Expert Tips for Diaper Changing

Eliza Martinez
Baby diaper change

You probably haven't given much thought to diaper changing techniques. After all, there's so much to think about as you get ready to become a parent, diaper changing might not be high on your list. However, there is an art to changing a diaper skillfully, so if you've never done it before, get ready for some surprises.

Get Prepared

There's nothing worse than being in the middle of a diaper change, only to realize the wipes are across the room. The experts at Huggies suggest you assemble your gear in one central location, such as the changing table or your diaper bag, so that when it's changing time, you have everything you could possibly need right at your fingertips. Include the following items anywhere you change diapers so you're all set for whatever that diaper holds:

  • Clean diapers
  • Wet wipes
  • Diaper rash cream
  • Extra clothes, just in case the mess spreads
  • Baby powder

Provide Entertainment

Your newborn isn't going to put up much of a fight when it's time for a diaper change, but an older baby probably won't hold still because there are so many other things drawing her attention. Keep your changing area stocked with fun entertainment to keep her attention for a few minutes while you change her. This way, diaper changes are fun enough for your little one that you can get them done quickly and move on to more exciting activities. Try the following ideas to ensure that your wiggly baby doesn't get away:

  • Prop up an unbreakable mirror so your baby can gaze at herself.
  • Keep a small basket of handheld toys on the changing table and hand your baby one before you get started.
  • Attach a musical mobile above the changing table and turn it on each time you change a diaper.
  • Talk to your baby to keep her attention riveted on you and help prevent squirming.

There are many other ways to entertain baby while you change a diaper. Melissa Koch Formby, CAPPA Certified Childbirth Educator, owner of Baby's Beginnings and educator at Swedish Medical Center says, "Use this time to have fun by singing songs, making faces, even wearing a funny hat. Point out colors, lights, shapes, toys, etc. which also helps little ones learn about their surroundings." Trial and error should tell you which ones your baby enjoys the most.

Perfect Your Technique

Chances are, after plenty of practice, you'll find yourself whipping off the old diaper, cleaning up the mess and securing the new one in no time flat. However, while you're learning, you're likely to encounter some things you hadn't expected. For example, many parents learn pretty quickly that it's important to keep a boy covered, lest you get urinated on. "There is a proper way to change a boy's diaper and a girl's diaper. Beware though, you can get "sprayed" by both genders," says Formby.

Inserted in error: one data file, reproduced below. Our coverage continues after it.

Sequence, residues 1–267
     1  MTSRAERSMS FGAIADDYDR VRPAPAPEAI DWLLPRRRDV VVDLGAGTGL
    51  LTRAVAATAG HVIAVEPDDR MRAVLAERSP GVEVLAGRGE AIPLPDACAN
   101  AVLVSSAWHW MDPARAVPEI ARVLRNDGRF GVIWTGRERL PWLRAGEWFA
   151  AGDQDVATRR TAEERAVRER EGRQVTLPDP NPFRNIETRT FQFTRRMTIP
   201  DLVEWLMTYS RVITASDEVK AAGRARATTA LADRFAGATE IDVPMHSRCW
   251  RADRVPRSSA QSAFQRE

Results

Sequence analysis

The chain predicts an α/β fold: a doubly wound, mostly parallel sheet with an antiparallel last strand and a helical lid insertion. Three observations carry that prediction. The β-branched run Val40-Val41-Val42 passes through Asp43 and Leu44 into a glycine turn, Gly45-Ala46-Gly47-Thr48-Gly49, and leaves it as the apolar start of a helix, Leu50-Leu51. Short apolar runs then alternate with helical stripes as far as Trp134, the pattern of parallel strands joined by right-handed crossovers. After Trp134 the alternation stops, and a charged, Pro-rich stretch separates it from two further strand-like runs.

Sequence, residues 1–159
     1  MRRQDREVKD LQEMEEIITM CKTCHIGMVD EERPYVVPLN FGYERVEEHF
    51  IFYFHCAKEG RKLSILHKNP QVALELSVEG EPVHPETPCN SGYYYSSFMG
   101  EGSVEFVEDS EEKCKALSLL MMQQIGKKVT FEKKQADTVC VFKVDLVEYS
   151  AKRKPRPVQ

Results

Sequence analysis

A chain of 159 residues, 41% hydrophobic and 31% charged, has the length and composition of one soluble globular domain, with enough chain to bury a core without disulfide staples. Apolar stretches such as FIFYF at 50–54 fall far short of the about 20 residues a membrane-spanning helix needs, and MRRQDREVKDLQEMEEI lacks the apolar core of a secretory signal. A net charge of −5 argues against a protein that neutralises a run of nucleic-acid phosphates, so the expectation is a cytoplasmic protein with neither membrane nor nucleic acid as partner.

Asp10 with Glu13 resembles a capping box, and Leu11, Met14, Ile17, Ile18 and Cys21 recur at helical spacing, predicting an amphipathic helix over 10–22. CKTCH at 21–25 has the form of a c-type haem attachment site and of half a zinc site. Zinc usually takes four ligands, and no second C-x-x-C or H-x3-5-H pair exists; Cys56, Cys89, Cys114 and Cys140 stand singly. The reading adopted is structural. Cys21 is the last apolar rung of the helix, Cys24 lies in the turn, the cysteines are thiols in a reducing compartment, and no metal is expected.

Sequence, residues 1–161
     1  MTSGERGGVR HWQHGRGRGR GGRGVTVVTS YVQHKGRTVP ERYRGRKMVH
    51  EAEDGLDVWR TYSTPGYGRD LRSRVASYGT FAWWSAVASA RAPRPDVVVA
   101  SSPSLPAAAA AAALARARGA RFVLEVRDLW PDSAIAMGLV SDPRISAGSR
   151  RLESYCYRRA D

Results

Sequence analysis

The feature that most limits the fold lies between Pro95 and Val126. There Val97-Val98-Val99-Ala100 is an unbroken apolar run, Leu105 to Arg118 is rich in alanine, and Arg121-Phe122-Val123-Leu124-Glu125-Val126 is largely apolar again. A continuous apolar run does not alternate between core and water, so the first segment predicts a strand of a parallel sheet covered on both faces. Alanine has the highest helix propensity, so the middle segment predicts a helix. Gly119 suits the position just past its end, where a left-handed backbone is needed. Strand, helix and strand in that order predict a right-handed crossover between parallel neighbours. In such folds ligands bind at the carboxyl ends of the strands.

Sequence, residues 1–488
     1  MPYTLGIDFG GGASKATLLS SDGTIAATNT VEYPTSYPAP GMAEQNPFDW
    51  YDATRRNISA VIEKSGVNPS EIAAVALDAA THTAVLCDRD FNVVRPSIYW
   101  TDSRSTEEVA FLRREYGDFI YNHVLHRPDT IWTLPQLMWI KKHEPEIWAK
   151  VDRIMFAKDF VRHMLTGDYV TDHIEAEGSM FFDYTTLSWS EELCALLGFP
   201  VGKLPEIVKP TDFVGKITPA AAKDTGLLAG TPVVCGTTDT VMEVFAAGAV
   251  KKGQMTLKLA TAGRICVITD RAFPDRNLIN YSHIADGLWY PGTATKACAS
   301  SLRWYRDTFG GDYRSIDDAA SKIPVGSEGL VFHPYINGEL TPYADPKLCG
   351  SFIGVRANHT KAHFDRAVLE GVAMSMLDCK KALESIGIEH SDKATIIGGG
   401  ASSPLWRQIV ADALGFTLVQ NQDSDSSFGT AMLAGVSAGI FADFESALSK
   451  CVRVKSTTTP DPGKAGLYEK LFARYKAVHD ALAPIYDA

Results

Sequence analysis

• Start by unfastening the dirty diaper, being careful not to open it until you're absolutely ready to clean up and put on a fresh one.
  • Gently grasp your baby's ankles and hold them up, suggest the experts at Huggies.
  • Quickly open the diaper, using it to wipe as much feces off as possible.
  • Use wet baby wipes or a warm, wet washcloth to remove other waste from your baby's behind, the creases in his legs, under and around the genitals and anywhere else that was dirtied. Keep in mind that babies can often blow their diaper up their backs and even into their hair. Wipe baby girls from front to back to prevent vaginal infections, advises Formby. Make sure to clean under a boy's testicles, add the experts at Parenting magazine.
  • Apply diaper rash cream, if needed, and allow your baby's skin to air dry for a couple of seconds, suggests Formby.
  • Scoot a new diaper under his bottom, pull it through his legs and secure the tabs. Make sure the diaper is snug so it doesn't leak, but not so tight that it constricts movement or cuts of blood flow. Kids Health notes that marks on your baby's skin where the diaper sits means it's too tight. Formby advises that you might also find putting the new diaper underneath your baby before removing the dirty one helps keep the mess contained should your baby start going again before you're finished.
  • Make sure to wash your hands after changing a diaper to prevent the spread of germs that can make your family sick, urges Kids Health. Make sure your little one is in a safe place while you do so.

Pay Attention to Safety

It's always a good idea to keep safety at the top of your mind when you care for your little one. Babies aren't well known for staying still and a squirmy, wiggly infant can easily roll off the changing table and get injured. By following some simple tips, you can ensure that diaper changing time doesn't end in tragedy:

  • Keep a hand on your little one at all times, advises Formby. Many changing tables come with straps that you can fasten around your baby to keep her in place. Even a newborn can roll off the changing table so never leave her unattended.
  • Formby notes that parents should always use a secure surface, such as a changing table, the floor, or your bed. This helps ensure that your baby doesn't fall off and get hurt.
  • If you simply can't keep your baby from trying to get off the changing table, consider moving your whole operation to a cushion on the floor. That way if she takes off while you reach for a wipe, she isn't in danger of falling and getting hurt.

Making It Simple

Changing diapers is just part of your daily routine when you have a baby. For easier management, try creating a couple of diaper changing stations in your home. This is particularly helpful if you have more than one level in your home. That way you can get the job done efficiently no matter where you happen to be.

Expert Tips for Diaper Changing